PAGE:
“Partnering with the ethics team at the WMU Homer Stryker M.D. School of Medicine has been a real enhancement to the care we deliver at Ascension Borgess Hospital and Ascension Medical Group-West Michigan,” said Gary Druskovich, MD, MBA, chief physician officer at Ascension Borgess. “As part of the nation’s largest Catholic health system we partner with Mike, Tyler, and Parker to help our patients, families, and staff create clarity about the ‘why’ in our decision making. They demonstrate special sensitivity to our Catholic teaching and our Ethical and Religious Directives.”
Outside of their direct work with care teams in the hospitals, the team at WMed is also expanding education around clinical ethics for community physicians, as well as resident physicians and medical students at WMed.
That work is being accomplished through the integration of ethics training during employee orientations at both local hospitals. They are also helping set policies for the hospitals around ethics and hosting lunch and learn events for doctors and nurses or even educational sessions for specific units within the hospitals.
“It has been especially rewarding to see this program, which began as an idea just four years ago, grow and quickly become established as an integral resource for providing outstanding clinical care at the medical school and our two hospitals," Dr. Jenson said. "The program has also strengthened the ethics curriculum for medical students, as well as contributing to the training of our residents.”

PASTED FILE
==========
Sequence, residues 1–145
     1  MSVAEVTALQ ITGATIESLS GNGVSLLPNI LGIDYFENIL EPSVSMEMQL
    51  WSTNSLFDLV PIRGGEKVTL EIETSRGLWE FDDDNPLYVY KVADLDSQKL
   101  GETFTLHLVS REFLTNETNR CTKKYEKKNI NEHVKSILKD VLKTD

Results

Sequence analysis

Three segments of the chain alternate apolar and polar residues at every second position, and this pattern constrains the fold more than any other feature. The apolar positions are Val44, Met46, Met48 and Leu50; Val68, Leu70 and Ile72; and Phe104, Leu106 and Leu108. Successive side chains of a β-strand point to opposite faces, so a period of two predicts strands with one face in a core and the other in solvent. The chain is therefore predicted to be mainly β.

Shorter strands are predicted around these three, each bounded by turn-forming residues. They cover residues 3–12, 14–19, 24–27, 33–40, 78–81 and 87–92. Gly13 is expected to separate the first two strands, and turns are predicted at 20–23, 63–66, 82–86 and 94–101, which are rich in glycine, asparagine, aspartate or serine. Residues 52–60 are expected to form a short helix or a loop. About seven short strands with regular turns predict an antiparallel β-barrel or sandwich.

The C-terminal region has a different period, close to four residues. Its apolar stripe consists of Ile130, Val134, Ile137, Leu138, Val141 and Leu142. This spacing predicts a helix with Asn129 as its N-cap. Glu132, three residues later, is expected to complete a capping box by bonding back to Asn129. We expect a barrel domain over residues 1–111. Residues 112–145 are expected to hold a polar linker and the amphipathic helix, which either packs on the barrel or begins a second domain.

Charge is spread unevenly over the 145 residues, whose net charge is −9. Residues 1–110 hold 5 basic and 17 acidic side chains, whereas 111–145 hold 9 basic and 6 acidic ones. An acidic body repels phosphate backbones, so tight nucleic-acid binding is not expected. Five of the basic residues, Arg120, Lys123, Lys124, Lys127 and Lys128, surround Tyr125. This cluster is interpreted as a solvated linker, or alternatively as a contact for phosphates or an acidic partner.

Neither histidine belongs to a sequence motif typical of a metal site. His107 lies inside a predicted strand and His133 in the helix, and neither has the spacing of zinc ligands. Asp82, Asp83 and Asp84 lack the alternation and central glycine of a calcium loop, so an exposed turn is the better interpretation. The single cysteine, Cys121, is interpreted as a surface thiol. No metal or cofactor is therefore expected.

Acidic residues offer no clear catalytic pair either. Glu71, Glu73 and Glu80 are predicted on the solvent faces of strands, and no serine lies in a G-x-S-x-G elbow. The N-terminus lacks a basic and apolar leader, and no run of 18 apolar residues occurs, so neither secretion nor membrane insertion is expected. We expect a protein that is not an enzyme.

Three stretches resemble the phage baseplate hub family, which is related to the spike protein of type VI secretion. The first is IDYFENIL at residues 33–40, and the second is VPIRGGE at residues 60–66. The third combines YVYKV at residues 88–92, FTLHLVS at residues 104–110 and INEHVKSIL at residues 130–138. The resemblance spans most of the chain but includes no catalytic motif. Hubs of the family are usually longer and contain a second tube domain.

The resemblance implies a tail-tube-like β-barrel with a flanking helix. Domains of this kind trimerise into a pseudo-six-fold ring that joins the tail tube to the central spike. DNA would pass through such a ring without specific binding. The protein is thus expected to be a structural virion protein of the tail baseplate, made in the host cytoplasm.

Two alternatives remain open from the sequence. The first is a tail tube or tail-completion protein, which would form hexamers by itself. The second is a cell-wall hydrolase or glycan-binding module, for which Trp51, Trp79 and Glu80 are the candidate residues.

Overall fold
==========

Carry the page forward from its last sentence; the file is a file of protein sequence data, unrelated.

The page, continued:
At WMed, Dr. Gibb said he and Drs. Crutchfield and Redinger have developed “a robust curriculum” around clinical ethics for residents and medical students. That curriculum, among other things, includes a session where students roleplay as members of an organ transplantation selection committee and must choose who receives an organ after reviewing patient profiles. During their second year at WMed, students take part in a panel discussion about abortion, elected termination and other women’s health issues during their Endocrine and Reproductive Systems course, among other things.
“I think our students are as prepared as any students from any program in the country,” Dr. Gibb said. “Students have given us feedback that the instruction we provide puts them head and shoulders above their peers.”